Dog owners are being warned about increasing cases of fashion breeds being robbed and sold off.
During lockdown, the popularity of puppies and dogs saw a significant increase. Unfortunately, this means that their value has soared and they have become a target for thieves.
Becky Thwaites, the head of public affairs at animal welfare charity Blue Cross, has described the situation as a ‘perfect storm’ as demand and value increases while availability declines. This has been attributed to the growing number of stolen dogs.
Research conducted by Thwaites had alarming results for dog owners, as there has been a 170% increase in reported pet thefts between 2019 and 2020. Additionally, only 1% of dog theft crimes led to a prosecution.
In an attempt to better handle dog thefts, the government is considering a new offence for pet abduction with its own sentencing framework. However, Thwaites is concerned with the impact these robberies are having on owners now.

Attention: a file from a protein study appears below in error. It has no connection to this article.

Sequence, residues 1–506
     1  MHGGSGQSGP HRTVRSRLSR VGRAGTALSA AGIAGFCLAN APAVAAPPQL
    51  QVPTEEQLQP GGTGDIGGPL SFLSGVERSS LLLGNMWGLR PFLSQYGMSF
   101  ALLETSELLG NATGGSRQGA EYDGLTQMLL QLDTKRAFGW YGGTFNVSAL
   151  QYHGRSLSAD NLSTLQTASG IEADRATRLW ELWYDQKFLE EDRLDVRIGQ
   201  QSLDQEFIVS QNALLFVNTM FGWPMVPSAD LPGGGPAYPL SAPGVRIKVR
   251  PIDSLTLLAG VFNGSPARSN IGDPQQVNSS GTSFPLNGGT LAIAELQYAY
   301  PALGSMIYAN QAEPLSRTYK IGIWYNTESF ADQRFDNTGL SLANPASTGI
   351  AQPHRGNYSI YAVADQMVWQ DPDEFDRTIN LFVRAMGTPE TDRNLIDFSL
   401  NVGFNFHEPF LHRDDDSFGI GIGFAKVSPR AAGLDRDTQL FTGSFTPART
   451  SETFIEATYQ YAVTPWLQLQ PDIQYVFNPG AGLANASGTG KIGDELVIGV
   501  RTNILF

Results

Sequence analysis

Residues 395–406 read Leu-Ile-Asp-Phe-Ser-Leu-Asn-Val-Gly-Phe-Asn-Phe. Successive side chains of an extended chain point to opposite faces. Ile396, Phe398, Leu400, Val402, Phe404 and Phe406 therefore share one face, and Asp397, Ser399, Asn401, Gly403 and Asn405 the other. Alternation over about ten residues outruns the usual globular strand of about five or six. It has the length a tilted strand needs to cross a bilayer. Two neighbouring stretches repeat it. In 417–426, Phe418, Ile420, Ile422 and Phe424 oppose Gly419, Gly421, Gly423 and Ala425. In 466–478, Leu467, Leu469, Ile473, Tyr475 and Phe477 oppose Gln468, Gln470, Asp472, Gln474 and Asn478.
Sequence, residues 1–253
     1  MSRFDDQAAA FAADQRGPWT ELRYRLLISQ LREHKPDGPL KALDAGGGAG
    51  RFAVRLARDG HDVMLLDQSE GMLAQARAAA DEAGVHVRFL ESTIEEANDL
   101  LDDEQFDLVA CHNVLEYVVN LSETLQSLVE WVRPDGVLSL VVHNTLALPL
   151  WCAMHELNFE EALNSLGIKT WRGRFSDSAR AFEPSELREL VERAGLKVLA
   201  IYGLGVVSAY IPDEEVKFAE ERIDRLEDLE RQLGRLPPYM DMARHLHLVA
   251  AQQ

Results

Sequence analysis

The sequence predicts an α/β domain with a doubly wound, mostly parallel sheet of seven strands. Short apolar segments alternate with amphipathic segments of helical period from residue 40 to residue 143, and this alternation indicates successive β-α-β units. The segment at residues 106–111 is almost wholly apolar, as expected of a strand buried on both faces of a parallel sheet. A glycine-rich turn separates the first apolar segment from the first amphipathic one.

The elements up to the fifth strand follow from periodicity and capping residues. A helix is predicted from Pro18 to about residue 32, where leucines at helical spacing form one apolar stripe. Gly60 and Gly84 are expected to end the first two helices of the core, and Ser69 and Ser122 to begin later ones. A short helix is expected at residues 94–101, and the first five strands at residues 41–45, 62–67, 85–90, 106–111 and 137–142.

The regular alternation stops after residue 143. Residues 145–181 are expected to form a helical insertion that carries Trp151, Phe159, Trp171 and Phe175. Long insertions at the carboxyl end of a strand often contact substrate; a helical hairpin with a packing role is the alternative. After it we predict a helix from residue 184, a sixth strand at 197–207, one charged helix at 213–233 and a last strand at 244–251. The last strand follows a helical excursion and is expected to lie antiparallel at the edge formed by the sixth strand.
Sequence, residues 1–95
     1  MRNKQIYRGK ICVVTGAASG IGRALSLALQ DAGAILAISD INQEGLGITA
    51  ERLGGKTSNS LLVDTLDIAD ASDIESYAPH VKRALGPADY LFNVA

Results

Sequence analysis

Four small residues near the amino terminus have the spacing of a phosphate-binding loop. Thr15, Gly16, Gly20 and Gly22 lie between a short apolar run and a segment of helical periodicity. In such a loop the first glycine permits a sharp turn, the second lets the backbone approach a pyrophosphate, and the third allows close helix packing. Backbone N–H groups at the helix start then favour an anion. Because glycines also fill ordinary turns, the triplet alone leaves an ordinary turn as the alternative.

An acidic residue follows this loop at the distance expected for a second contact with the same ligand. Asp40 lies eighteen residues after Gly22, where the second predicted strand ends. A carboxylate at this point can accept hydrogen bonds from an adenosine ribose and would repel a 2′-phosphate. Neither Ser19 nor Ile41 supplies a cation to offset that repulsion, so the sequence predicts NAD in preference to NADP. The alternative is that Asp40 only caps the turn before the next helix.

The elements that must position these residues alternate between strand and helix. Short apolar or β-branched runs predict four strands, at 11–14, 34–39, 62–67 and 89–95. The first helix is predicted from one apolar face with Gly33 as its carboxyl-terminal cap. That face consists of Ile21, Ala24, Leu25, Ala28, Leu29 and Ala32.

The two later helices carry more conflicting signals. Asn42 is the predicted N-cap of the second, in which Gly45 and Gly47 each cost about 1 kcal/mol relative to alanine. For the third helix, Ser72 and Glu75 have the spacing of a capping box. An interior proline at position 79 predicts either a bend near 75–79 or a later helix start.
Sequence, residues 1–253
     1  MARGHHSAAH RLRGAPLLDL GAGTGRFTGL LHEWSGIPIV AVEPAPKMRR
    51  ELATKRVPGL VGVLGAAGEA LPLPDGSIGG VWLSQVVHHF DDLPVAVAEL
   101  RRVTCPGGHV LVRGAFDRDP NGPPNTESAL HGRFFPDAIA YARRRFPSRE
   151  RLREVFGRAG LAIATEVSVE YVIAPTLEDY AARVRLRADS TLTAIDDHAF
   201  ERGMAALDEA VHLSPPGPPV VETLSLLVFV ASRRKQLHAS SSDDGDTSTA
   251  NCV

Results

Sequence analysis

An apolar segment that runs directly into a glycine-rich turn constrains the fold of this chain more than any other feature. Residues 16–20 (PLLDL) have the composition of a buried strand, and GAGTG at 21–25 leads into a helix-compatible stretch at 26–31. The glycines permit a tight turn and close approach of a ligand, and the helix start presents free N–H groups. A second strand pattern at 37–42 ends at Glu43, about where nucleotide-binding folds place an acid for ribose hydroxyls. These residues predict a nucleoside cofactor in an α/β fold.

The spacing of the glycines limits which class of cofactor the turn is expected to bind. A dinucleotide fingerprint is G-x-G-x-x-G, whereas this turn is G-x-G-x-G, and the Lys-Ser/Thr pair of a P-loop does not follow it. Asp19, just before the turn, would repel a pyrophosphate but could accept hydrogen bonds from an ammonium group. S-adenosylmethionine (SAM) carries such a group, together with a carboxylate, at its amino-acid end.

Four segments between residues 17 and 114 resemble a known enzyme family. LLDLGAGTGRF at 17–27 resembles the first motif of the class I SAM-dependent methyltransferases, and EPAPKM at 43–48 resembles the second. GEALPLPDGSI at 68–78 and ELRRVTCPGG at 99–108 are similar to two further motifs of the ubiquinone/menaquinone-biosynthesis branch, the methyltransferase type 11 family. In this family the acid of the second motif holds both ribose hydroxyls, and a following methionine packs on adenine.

Thwaites told The Guardian:
Unfortunately, pet theft isn’t always treated seriously and that can make the impact even worse, because you’re reporting a crime to police and its essentially treated the same as if your laptop is stolen. That just isn’t the reality of having a pet stolen.
The head of public affairs added, ‘A pet is not just a physical thing, it’s a member of your family. Having a pet stolen is extremely upsetting, can be very traumatic for the owner to go through.’
On top of the thefts, there has also been a rise in violent attacks, although Thwaites stressed they ‘are much rarer’.
Campaigners are also warning of increasing cases of thieves luring dogs out of gardens with treats, and stalking dog walkers on popular routes, or stealing them from outside shops. Thieves are also apparently targeting more affluent areas, and therefore more expensive breeds of dog. Thieves have even been said to simply clip a lead onto a loose dog and walk away.
To protect dogs and help track them it is recommended that dogs are microchipped and their walking routine is varied. It is also advised that dogs are not left unattended and identifying factors of the animal are not posted online. Campaigners also urge buyers to check the organisation they are purchasing a dog from.
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